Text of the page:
Electric bikes outsell electric cars in the U.S.
People in urban areas are starting to realize that sometimes biking is faster than driving from one place to another. Especially when the bike is electrically assisted and able to move through traffic at the same speed as most city speed limits, there is no hassle of finding a parking space yet. Now, electric bicycles are becoming more and more convenient and supported by various policies, and the design of manufacturers makes riding more comfortable, so it is a wise decision to replace the transportation with electric bicycles.
A Georgia research team just investigated and confirmed the claim that electric bikes outsold electric cars last year. Their research team found that while 608,000 electric cars and trucks were sold in 2021, more than 880,000 electric bicycles were also sold. That’s nearly double the estimated number of e-bike vehicles sold in 2020.
Edward Benjamin of the Lightweight Electric Vehicle Association predicts that more than 1 million electric bikes will be sold in the U.S. this year, as the bicycle industry slowly begins to recover from the effects of slowing supply chains and low inventory at bike shops. Electrek reports that in Europe, sales of electric bicycles are likely to outstrip all car sales, including petrol and electric, within the next 10 years.
The New York Times also reported on the possible future of bicycle booms, especially electric bikes that provide cargo space for children. As parents stay away from crowded public transportation during the COVID-19 pandemic, e-bikes have become a practical way to get kids to school without the strenuous effort of bicycles and schools without parking spaces in pick-up areas.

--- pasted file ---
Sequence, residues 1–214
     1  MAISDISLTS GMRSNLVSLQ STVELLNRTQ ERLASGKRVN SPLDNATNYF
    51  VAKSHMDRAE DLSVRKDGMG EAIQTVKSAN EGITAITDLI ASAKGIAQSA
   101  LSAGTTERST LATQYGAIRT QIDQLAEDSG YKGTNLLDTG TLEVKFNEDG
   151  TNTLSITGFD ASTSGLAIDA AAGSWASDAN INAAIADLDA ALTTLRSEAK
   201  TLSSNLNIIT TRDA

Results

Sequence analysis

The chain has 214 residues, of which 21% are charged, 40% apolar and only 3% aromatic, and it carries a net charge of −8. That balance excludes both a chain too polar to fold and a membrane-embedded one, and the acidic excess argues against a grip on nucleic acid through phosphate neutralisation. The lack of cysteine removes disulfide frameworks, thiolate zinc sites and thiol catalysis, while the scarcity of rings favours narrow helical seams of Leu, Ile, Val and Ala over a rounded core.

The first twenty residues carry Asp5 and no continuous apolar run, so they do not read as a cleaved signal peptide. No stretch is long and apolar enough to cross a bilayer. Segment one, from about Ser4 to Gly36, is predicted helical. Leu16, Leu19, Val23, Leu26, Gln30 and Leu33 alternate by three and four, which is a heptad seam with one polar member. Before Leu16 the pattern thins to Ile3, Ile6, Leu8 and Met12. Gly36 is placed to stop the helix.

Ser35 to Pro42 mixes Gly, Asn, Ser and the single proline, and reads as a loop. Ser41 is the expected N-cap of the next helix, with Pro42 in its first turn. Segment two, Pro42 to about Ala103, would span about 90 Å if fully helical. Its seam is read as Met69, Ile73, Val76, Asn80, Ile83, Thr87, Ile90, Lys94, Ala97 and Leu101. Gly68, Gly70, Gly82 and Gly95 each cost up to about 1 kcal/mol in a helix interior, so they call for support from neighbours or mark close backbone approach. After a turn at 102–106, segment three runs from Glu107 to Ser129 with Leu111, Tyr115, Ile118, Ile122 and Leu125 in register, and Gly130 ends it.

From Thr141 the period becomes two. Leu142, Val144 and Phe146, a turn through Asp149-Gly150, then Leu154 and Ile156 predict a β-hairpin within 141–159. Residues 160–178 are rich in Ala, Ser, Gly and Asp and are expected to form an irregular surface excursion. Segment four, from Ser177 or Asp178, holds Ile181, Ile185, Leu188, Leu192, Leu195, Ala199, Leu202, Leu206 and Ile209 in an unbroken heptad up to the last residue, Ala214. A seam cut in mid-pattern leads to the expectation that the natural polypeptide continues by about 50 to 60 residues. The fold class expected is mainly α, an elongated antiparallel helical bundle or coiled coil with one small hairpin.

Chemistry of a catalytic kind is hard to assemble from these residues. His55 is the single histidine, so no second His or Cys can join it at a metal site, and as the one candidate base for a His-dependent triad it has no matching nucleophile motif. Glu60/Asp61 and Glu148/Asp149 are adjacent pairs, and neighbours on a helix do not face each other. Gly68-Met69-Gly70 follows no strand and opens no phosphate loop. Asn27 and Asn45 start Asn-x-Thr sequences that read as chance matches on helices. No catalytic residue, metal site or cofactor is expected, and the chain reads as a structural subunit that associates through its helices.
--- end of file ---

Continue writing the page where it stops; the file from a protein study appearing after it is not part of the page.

“A lot of mothers are trying to e-bike their kids to school,” Damon Victor, owner of Greenpath Electric Bikes in South Brooklyn, said in an interview, adding, “It’s the freedom to get in and out of school easily, the freedom to ride a bike to work, Freedom to bypass parking, freedom to bypass traffic.”
While initially, social distancing and the outdoor movement spree contributed to high bike sales, another reason to swap cars for bikes has emerged. According to Bloomberg, rising gasoline prices are a factor in the continued surge in e-bike sales.
And buying an EV may still be out of the price range for many consumers, but as e-bikes become more affordable, it’s possible to get a decent e-bike for less than $1,500, making it easier to buy and reduce car fuel costs consumption. Electric bike maker VanMoof’s sales last month topped the company’s expectations, with co-founder and CEO Taco Carlier attributing the increase to higher gasoline prices in an email to Bloomberg.
Market research firm NPD reports that e-bike sales also outpace non-e-bike sales in popularity and growth, with sales up 240 percent last year.